Volkswagen, Audi admit to cheating US pollution tests
Authorities in the US have discovered that Volkswagen and Audi diesel cars sold Stateside have been fitted with special software that limits dangerous emissions only during pollution testing.
The United States Environmental Protection Authority (EPA) has hit the German brands with an official notice of violation, stating that "four-cylinder Volkswagen and Audi diesel cars from model years 2009-2015 include software that circumvents EPA emissions standards for certain air pollutants".
Volkswagen is also under investigation by California Air Resources Board (CARB). After being presented with evidence of its wrongdoing, "Volkswagen admitted that the cars contained defeat devices". Affected four-cylinder diesel cars from Volkswagen and Audi are fitted with a "sophisticated software algorithm", which detects when the vehicle is undergoing official emissions testing, turns on all of the car's emission control systems and allows it to pass the test.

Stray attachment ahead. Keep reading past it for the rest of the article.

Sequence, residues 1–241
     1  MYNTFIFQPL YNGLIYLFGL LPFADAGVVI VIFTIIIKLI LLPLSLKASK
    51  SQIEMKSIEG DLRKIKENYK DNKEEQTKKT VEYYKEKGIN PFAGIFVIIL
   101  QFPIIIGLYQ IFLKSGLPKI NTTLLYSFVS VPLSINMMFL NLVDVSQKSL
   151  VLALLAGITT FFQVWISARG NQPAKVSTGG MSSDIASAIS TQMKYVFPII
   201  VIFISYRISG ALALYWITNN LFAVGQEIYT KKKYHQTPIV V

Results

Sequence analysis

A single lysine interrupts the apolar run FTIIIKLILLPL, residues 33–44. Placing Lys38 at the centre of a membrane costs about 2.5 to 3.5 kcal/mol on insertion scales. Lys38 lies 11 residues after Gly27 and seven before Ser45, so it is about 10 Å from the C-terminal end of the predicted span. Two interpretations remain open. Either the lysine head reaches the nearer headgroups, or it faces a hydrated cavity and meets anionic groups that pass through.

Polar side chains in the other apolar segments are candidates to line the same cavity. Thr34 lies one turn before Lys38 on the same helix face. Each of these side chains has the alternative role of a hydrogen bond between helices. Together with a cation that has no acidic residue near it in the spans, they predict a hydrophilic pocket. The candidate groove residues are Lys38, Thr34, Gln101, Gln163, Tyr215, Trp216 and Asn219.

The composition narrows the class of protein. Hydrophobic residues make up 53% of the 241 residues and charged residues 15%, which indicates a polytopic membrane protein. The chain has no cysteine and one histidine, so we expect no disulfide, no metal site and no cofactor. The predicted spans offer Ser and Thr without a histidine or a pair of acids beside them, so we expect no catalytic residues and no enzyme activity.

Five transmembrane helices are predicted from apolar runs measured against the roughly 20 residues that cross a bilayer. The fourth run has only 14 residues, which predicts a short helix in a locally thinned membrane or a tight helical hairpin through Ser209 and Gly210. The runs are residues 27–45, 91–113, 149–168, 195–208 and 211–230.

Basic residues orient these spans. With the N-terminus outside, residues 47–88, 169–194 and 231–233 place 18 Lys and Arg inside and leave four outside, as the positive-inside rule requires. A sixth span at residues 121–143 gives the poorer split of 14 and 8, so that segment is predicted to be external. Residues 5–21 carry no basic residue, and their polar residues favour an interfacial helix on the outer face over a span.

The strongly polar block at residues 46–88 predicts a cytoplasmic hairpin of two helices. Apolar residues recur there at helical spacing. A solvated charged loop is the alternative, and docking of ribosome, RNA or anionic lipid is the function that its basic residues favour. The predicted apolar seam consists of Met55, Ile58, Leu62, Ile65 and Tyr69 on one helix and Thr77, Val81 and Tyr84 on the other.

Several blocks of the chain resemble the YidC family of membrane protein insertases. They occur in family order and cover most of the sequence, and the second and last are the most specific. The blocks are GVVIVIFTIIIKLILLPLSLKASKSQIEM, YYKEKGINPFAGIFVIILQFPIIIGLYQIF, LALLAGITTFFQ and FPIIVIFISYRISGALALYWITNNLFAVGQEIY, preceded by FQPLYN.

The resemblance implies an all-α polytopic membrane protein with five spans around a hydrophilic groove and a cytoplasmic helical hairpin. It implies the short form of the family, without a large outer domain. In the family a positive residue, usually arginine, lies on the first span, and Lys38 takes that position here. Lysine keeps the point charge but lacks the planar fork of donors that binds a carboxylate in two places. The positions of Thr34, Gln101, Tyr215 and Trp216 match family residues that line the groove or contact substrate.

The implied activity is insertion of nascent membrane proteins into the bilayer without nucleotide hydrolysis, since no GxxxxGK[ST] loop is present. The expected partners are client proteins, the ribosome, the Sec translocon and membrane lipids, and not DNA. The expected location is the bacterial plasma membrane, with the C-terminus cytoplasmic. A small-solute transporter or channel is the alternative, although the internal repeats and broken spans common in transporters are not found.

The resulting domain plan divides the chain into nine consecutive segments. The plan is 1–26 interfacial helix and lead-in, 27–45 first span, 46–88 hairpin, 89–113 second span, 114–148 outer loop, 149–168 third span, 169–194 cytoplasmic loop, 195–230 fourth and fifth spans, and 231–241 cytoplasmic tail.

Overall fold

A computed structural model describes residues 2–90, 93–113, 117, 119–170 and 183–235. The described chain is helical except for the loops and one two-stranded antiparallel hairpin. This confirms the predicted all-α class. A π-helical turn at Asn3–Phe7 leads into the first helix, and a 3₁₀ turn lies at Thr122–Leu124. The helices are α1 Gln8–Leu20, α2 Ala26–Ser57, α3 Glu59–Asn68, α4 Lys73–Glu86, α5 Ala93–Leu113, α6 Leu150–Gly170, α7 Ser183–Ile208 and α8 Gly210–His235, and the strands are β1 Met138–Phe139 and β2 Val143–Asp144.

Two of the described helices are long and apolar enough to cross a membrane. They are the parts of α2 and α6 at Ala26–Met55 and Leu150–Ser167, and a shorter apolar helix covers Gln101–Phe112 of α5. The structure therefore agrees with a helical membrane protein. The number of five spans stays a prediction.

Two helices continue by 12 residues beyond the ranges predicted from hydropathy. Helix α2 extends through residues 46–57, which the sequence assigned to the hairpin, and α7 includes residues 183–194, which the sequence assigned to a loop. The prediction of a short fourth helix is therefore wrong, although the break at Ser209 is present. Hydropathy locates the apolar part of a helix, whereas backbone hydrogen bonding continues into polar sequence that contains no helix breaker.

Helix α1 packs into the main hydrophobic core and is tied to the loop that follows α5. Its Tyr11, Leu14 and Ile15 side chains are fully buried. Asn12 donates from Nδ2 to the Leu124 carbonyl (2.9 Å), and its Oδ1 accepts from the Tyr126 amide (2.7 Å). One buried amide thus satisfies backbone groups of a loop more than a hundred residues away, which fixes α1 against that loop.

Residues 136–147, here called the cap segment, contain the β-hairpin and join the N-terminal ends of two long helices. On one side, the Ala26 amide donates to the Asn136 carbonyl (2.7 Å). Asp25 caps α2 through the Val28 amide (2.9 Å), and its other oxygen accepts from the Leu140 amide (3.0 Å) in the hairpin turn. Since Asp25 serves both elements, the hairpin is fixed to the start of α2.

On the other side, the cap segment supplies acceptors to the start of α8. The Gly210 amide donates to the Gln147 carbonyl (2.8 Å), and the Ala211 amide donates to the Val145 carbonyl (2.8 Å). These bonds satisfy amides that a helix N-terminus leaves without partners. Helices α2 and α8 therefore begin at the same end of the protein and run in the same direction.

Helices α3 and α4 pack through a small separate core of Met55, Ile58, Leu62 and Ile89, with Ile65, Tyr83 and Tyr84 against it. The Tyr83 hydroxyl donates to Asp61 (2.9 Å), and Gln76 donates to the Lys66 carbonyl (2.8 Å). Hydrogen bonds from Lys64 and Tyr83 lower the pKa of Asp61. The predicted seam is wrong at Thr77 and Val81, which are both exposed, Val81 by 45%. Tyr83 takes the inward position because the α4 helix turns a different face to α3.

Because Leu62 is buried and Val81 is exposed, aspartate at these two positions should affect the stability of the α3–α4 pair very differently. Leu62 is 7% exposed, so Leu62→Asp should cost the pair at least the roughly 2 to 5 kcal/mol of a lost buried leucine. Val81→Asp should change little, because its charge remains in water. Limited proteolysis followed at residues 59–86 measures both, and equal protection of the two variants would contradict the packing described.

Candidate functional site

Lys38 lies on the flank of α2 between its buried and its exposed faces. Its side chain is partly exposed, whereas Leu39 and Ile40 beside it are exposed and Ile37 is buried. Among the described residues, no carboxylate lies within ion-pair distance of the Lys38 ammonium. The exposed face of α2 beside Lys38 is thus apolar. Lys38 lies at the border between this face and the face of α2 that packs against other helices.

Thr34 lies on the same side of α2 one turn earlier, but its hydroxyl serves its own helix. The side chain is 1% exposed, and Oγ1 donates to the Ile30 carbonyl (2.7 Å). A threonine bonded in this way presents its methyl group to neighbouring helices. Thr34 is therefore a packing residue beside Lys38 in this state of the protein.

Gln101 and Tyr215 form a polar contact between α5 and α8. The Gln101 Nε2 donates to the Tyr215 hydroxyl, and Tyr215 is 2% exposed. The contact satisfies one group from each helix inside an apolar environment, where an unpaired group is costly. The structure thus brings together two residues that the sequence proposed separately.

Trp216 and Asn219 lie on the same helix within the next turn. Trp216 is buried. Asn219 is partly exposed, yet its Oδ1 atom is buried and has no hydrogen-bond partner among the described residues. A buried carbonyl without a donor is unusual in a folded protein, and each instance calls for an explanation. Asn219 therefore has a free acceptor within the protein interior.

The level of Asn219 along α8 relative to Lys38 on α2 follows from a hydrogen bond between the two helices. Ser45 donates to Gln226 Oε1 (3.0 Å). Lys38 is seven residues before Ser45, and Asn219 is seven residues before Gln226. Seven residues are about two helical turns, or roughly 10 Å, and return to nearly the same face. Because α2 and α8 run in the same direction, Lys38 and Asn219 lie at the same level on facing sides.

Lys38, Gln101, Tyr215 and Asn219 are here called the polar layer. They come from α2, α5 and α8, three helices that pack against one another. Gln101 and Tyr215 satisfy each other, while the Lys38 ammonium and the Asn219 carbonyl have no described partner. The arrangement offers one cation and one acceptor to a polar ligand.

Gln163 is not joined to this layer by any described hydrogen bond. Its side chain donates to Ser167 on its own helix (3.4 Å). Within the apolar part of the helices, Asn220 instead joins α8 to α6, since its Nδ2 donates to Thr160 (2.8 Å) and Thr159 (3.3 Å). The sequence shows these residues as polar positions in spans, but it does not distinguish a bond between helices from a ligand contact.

Under normal driving, though, the cars emit up to 40 times the amount of permitted oxides of nitrogen (NOx). NOx pollution adds to ground-level ozone and increases particulate matter in the atmosphere. These pollutants can lead to respiratory problems and impact on the health of children and the elderly, and result in asthma attacks, hospitalisation and premature death. Vehicles fitted with the evasive software include the diesel versions of the Volkswagen Beetle, Golf, Jetta, and Passat, as well as the Audi A3.
All up 482,000 diesel-powered Audis and Volkswagen are said to have the defeat mechanism installed. This violation of the federal Clean Air Act was discovered by researchers at West Virginia University and the International Council on Clean Transportation.
According to the EPA, "it is incumbent upon Volkswagen to initiate the process that will fix the cars’ emissions systems", although owners of the affected vehicles are free to continue driving and reselling their vehicles as they see fit.